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The Borrowers Avenged (The Borrowers #5)

3.92 of 5 stars 3.92  ·  rating details  ·  1,421 ratings  ·  68 reviews
Pod, Homily, and Arrietty escape from the Platters’ attic and set off to an old rectory to begin life anew. “Like her Borrowers, the author is resourceful, inventive, and patient, and her fantasy continues to be totally real and acceptable.”--The Horn Book
Hardcover, 296 pages
Published November 15th 1982 by Harcourt Brace Jovanovich (first published 1982)
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So I read this series to my kids over a year and wrote a whole big thing on my blog with pretty photos and Tom Felton references and thoughts about how The Borrowers turned me into a shipper at age six. You can read that here.

MY REVIEW OF THE BORROWERS AVENGED and the series as a whole:

Arrietty Clock is one of the most boy-crazy characters in literary history.

The series is 90 percent description, chapter after chapter describing candle stubs and stick pins and life in a Victorian house. There
I loves me a good book about tiny people who live in big peoples' houses! I pick up a Borrowers book every couple of years just to remind myself how much I LOVED them when I was younger...and how cool it is that the little people find different uses for every day items (the dad's walking stick is a sewing needle, which comes in handy for any numbers of sticky situations)....

The Borrowers Avenged is the perfect conclusion to the Borrowers series. It isn't the picture perfect ending where everyone gets exactly what they want--it's even better. The book ends with a question of whether anyone is every really safe. It's applicable to so many aspects of life and readers of all ages. If you're a young reader you'll be questioning if the borrowers will be able to stay living in the church and rectory without being found by reckless and curious "human beings." Older reader ...more
I think that Mary Norton just lost it by this point. Great borrower hijinks, fun descriptions and imagery, and then a seriously bonkers literary structure. Ghosts are set up quite deliberately and then never actually enter the plot. Why are there the horrifying ghosts of a murder-suicide in the middle of a nominally children's book?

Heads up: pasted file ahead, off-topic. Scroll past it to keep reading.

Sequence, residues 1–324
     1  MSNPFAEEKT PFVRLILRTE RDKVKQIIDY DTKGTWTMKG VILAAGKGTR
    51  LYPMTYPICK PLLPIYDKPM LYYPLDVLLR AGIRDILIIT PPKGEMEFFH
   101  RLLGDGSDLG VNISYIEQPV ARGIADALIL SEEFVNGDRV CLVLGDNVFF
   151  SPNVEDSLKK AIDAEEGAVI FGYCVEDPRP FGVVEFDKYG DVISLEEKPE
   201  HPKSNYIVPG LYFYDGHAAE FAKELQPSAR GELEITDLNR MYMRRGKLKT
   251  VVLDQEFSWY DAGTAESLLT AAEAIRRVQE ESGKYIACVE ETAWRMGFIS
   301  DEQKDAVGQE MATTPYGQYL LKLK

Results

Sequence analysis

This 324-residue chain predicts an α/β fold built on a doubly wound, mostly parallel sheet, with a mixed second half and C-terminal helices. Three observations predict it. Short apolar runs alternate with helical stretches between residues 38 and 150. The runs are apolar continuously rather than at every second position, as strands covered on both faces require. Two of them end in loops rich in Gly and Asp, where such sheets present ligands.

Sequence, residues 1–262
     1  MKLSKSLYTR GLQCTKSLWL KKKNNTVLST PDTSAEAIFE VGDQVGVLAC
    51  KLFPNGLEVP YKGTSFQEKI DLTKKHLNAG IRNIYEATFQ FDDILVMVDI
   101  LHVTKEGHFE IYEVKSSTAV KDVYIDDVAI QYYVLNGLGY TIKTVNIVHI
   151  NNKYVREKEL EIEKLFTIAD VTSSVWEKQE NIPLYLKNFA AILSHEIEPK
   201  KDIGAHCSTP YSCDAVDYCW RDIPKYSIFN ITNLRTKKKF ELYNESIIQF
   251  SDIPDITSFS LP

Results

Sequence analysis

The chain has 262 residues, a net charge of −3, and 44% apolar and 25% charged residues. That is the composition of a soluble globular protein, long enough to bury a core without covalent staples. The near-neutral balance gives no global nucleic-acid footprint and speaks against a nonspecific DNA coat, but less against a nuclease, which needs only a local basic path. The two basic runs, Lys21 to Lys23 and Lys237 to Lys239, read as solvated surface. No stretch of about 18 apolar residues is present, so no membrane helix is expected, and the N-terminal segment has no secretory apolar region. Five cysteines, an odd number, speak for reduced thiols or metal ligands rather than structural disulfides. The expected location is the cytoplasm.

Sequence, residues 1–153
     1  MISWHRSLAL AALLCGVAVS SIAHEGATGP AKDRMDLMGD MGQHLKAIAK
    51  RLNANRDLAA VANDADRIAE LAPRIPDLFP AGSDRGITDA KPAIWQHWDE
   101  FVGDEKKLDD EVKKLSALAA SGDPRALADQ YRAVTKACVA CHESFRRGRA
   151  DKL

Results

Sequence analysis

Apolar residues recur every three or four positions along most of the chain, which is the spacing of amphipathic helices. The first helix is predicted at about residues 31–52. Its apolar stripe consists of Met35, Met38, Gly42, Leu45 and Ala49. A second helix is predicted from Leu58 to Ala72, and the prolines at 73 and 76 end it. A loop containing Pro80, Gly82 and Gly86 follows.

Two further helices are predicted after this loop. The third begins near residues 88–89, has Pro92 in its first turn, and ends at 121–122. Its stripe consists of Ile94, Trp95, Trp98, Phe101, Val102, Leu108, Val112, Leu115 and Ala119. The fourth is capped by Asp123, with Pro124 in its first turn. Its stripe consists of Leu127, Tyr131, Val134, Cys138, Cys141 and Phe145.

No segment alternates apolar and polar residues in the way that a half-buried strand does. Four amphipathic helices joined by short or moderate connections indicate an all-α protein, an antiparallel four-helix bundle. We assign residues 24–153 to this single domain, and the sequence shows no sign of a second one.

Spiller and Peagreen are set up as romantic rivals for Arietty, and then aluded tension never even arrives, let alone resolves by the end of the series. We spend the
After the lovely "Borrowers Aloft," this book feels superfluous, and worse, out of continuity. Why add another ending book when "Aloft" had such an "end of series" feel? Why does Spiller get so little page time in this book when Arrietty declared her commitment to him in the previous book? I did enjoy the scenes with Peagreen, but overall this book was a disappointment.
An Odd1
Every few pages, delicate line drawings detail a wisp loose from Victorian hair bun, dangling pinafore ribbon, wrinkle, even transparent ghosts. Miss Menzies reports the three Clock residents (careful "born climber" p 61 Pod, fretful Homily, and "fearless" p13 Arrietty) missing from Mr Pott's miniature village to skeptical constable "thin, very soft brown eyes" p1 Pomfret. Yet she fails to confide in Irish-born Kitty Lovelace, who hears little people after weekly church flower arranging with Lad ...more
I did like this book but,I wold only recomend this ook to children.The Borrowers is about the clock family geting caught by Mr and Mrs.Platter.And they have to set out and find a new home so they get on a boat and end up finding a new home in a rectory of a local church.They go down a river barely missing the Platter family who are looking for them.Once they get back to the recory church they end up finding that there is relaives next door.Arietty finds another borrower called Peagreen Overmante ...more
Oh My Bookness
Brittany Perez (Oh My Bookness)_
May 23,2014

A author famously known for classics such as Bed Knob and Broomsticks, Poor Stainless brings another long loving classic tales _The Borrowers. The first book The Borrowers (1952) _follows with four other books in the series, as follows, The Borrowers Afield (1954), The Borrowers Afloat (1959), The Borrowers Aloft (1961), _and lastly The Borrowers Avenged (1982). The Borrowers would later become adapted to screen in a 1997 in a British/American live-acti
Thank god we've finally got through all five books, there were times when I thought I was going to have seek psychiatric help for the two of us ( i was reading it to my son) but through sheer force of will we got there in the end. Sooooo slow, painfully so.
A.R. Collins
Mary Norton writes so well that, for me, no Borrowers book could ever be worth fewer than three stars. The characterisation is brilliantly realised, the stories engaging and the dialogue pitch perfect. This instalment was no exception. I was a little disappointed with it as a conclusion to the series, as it lacked the pace and excitement of books three and four, where I felt the series picked up after the first two books. One thing that particularly interested me was Arriety's planning and hopin ...more